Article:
I assume that everyone has heard of Wednesday's fatal attack here by a grizzly bear who apparently felt her cubs were threatened by two hikers. I can't very well ignore the first bear-caused death in the park for twenty-five years while I'm living in the park, but I don't have any inside information. When the name of the victim was released I immediately checked to see if I might have spoken with them. I did not make their reservation but I know the woman who did.
I've never been on the Wapiti Lake Trail, but I've been within a mile or two of where the attack took place. It's very close to the Canyon Village area where I was scheduled to work and live when I first came here last year, and even closer to some of the canyon's major viewing spots where I've taken photos and which are closed at this point.
Based on the news releases I've read, it certainly seems the park is making the right decision in not killing the bear. No one wants to blame the dead man or widow but based on what I've read to date, they certainly bear some responsibility for the attack, just as I would if I had been attacked on one of the many hikes I've taken alone or without bear spray. Two people is less than the recommended number for a hiking group here, they apparently did not leave the area the first time they saw the bears, they ran when the bear charged, and there has been no mention of them having bear spray with them.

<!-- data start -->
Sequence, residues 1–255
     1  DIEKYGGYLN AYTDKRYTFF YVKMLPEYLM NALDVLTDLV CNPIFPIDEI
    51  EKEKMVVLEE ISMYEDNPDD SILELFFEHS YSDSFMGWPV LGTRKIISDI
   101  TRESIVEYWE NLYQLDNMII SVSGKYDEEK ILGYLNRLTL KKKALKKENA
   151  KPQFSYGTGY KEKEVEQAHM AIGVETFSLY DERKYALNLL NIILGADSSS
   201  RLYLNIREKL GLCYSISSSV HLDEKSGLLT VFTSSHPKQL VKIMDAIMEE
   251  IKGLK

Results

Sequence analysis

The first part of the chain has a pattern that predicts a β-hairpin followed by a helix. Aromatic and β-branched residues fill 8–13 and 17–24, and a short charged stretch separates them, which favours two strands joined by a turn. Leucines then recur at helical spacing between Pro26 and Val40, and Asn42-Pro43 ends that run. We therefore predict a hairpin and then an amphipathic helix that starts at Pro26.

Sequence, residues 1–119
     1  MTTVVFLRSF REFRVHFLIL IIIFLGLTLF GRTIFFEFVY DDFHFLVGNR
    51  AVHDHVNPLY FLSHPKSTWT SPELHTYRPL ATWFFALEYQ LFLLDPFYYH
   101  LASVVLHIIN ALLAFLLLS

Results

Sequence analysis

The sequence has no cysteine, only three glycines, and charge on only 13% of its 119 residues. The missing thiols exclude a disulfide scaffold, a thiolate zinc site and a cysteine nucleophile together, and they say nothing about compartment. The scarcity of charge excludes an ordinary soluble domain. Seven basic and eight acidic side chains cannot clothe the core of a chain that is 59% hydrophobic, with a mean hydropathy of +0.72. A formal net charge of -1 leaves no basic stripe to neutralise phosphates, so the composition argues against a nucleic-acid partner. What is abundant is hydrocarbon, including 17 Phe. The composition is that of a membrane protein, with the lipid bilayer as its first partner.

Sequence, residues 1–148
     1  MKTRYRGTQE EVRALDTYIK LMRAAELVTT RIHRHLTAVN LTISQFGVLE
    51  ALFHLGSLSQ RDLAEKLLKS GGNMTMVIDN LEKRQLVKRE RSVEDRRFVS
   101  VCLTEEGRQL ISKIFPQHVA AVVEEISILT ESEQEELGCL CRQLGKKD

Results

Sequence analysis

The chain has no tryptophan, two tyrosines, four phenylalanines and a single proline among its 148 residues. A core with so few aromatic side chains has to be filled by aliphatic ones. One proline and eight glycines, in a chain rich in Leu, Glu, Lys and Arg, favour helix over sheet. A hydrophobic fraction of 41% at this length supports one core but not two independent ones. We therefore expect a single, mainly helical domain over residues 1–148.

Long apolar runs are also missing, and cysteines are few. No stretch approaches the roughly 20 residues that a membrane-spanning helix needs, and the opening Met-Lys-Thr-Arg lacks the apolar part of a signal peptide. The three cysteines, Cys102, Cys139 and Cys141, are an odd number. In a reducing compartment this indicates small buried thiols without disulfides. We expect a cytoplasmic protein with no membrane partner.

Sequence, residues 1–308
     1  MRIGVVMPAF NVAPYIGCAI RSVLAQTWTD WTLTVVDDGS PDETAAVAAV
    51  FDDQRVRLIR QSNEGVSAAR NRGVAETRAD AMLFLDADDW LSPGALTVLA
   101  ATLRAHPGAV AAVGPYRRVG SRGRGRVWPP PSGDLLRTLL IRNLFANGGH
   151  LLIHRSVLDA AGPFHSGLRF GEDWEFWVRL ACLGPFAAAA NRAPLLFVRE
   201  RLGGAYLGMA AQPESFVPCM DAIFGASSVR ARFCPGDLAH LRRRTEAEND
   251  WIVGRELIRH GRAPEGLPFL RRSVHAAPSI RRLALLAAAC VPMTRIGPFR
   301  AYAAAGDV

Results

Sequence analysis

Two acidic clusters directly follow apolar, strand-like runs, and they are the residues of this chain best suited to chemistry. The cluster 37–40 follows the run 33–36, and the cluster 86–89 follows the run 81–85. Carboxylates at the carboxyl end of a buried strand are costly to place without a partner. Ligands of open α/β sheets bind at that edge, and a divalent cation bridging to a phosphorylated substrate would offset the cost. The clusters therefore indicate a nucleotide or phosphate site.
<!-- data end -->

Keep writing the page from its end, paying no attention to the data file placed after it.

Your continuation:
It was their fourth visit to the park and they'd apparently never seen a bear before while hiking, just as I never had until last week. Quite possibly they had the sense of false security many visitors here have, not really understanding they've left the world where humans are (usually) in control. The trail they were on provides access from the northwest to the Pelican Valley, an area well known for its grizzly population. The area was closed to camping after a woman was killed there by a bear in 1984. I've never hiked in the valley but I'm scheduled to do a short hike there from the Lake area, twenty miles south of this fatality, in a couple weeks.
This event will provide some ammunition for those who think endangered species such as wolves and grizzlies should be extinct species, but although I've seen some stupid comments on newspaper websites and sensationalistic articles with lines such as "Killer bear roaming Yellowstone backcountry", I've seen far more comments which understand that the bear was simply doing what seemed necessary. These are very different circumstances than the fatal camp attack east of the park last year and most people seem to understand that. I do think this type of event will become more common with the increased grizzly population in the area. If humans choose not to educate themselves and take all possible precautions, it will probably be much less than twenty-five years until the next fatal bear attack in the park.
I'll be hiking to a couple waterfalls tomorrow. Saturday's hike to a high peak has been changed because of all the snow still up there. Instead we'll be climbing about 2000 fewer feet but should still get a nice view of the lake (Lake is still reserved for Superior).
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